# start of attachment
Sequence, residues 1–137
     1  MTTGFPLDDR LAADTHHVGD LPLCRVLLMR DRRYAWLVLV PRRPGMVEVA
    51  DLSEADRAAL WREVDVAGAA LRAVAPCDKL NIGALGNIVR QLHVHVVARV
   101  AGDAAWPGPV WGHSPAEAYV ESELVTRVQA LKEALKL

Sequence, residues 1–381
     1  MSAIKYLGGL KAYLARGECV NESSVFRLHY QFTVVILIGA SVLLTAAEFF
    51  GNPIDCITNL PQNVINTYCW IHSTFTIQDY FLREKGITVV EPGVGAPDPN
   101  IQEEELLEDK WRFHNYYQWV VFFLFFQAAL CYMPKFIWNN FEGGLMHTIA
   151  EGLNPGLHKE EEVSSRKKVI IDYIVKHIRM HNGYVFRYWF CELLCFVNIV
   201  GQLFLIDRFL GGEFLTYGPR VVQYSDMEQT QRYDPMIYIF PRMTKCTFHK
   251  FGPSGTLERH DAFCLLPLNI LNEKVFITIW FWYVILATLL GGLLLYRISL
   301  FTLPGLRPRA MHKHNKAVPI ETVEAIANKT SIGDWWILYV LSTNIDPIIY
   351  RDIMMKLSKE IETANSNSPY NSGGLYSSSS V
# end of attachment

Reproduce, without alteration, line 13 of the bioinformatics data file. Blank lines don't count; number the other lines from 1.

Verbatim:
   351  RDIMMKLSKE IETANSNSPY NSGGLYSSSS V